Although a few crypto companies are licensed as alternative trading systems, a type of trading platform used by brokers to trade listed securities, no crypto platform functions as a full-fledged stock market. The SEC sued Beaxy Digital and Bittrex Global this year for failing to register as an exchange, clearing house and broker.

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“The entire business model is built on non-compliance with US securities laws, and we’re asking them to comply,” Gensler told CNBC.

Crypto companies dispute that tokens meet the definition of a security, saying the SEC’s rules are vague and that the SEC is overstepping its authority in trying to regulate them. However, many companies have increased compliance, discontinued products and expanded outside the country in response to the crackdown.

Christine Smith, CEO of the Blockchain Association trade group, dismissed Gensler’s efforts to oversee the industry.

“We hope the courts will prove Chairman Gensler wrong in due course,” he said.

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Founded in 2012, Coinbase recently served more than 108 million customers and ended March with $130 billion in customer crypto assets and funds on its balance sheet. Transactions generated 75% of its $3.15 billion in net revenue last year.

The SEC’s filing on Tuesday seeks civil penalties, ill-gotten gains and injunctive relief.

On Monday, the SEC accused Binance of inflating trading volumes, diverting client funds, improperly pooling assets, failing to restrict US clients from its platform and misleading clients about its controls.

Finance promised It was aggressive in defending itself against the lawsuit, which it said reflected the SEC’s “wrongful and conscious refusal” to provide clarity to the crypto industry.

Customers received about $790 million from Binance and its U.S. subsidiary following the lawsuit, Nansen said.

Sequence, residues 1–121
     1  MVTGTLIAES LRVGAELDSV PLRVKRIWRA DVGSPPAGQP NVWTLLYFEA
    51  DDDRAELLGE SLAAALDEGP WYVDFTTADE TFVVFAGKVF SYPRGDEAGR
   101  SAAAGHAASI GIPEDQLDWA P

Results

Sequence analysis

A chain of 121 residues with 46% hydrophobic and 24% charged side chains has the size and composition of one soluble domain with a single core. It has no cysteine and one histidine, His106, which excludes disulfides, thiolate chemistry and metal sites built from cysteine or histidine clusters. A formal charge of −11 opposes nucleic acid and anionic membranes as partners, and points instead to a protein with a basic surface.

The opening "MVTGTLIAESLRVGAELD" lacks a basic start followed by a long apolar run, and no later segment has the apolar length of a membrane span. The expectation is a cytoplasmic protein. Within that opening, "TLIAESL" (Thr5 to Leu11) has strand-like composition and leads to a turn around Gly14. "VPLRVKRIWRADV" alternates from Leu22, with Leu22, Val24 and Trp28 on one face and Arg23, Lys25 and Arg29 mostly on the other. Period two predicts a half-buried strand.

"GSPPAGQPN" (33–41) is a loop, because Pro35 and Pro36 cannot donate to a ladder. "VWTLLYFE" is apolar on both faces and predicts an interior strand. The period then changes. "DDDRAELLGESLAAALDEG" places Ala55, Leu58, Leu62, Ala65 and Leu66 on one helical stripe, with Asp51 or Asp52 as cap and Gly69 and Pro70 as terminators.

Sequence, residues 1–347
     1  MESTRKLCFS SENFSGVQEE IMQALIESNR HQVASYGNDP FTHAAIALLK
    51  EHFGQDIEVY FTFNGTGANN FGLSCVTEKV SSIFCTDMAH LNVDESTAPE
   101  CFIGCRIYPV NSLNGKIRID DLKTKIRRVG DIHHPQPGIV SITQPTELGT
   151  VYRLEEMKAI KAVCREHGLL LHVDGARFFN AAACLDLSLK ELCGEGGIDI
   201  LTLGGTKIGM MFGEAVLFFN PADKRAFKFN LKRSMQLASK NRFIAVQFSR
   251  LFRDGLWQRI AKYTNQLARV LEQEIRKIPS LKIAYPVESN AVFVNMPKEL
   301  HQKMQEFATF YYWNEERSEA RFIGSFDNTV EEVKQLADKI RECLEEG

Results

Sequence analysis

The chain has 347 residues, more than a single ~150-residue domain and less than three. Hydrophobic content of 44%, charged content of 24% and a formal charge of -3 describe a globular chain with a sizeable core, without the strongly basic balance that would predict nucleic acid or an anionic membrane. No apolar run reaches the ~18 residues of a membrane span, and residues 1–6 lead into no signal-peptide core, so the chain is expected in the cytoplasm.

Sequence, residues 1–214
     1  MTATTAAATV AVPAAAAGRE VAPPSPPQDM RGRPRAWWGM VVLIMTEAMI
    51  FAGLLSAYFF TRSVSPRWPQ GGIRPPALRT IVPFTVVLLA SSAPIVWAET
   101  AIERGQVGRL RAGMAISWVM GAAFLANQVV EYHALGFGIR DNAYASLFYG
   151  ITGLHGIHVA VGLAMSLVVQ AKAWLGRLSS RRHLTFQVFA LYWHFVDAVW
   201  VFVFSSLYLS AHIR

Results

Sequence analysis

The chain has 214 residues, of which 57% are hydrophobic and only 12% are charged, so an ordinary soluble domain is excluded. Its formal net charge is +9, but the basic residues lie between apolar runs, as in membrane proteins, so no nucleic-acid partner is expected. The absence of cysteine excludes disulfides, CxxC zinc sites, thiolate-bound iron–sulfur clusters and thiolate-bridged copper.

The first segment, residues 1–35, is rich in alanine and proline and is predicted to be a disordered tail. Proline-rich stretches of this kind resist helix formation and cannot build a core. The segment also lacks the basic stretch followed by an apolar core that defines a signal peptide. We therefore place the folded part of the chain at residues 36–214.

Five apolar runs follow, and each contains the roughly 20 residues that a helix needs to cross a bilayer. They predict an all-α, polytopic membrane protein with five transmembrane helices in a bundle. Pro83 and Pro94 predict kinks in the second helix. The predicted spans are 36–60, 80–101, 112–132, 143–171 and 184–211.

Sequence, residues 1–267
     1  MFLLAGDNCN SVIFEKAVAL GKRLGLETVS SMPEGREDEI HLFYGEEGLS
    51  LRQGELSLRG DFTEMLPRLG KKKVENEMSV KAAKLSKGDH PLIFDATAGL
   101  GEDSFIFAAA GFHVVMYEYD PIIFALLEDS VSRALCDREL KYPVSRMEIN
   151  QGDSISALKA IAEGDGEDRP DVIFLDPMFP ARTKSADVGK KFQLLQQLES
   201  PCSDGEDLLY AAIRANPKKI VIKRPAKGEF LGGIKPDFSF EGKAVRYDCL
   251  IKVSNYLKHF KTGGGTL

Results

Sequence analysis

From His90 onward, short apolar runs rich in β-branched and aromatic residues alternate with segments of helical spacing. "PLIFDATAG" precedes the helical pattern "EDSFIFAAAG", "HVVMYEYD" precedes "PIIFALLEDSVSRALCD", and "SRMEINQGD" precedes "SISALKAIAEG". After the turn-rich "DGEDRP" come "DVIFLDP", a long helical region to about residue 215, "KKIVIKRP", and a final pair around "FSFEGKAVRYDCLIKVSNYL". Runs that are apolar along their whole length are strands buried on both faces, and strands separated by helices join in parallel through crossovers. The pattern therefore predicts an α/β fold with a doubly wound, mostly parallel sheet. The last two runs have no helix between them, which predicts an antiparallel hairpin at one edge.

On Tuesday, the SEC filed a request to freeze assets owned by Binance.US. Finance’s holding company is based in the Cayman Islands.

β€œIt is important to note that recent regulatory actions aimed at ensuring that companies operating in the cryptocurrency industry comply with securities laws and protect investors – this has always been their goal,” said Joshua Xu, Group Chief Risk Officer at blockchain technology firm XBE. , Coinllectibles and Marvion.

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“These events will ultimately lead to a more stable and reliable industry, which will attract more institutional investors and enable mainstream adoption.”

Reporting by Jonathan Stempel in New York and Hannah Long and Michael Price in Washington; Additional reporting by Kevin Buckland in Tokyo and Ray Wei in Singapore; Editing by Leslie Adler and Christopher Cushing

Our Standards: Thomson Reuters Trust Principles.

Hannah Long

Thomson Reuters

Hannah Long covers financial technology and cryptocurrency, including the businesses that drive the industry and the policy developments that govern the sector. Hannah previously worked at American Banker, where she covered banking regulation and the Federal Reserve. He graduated from the University of Maryland, lives in College Park and Washington, DC.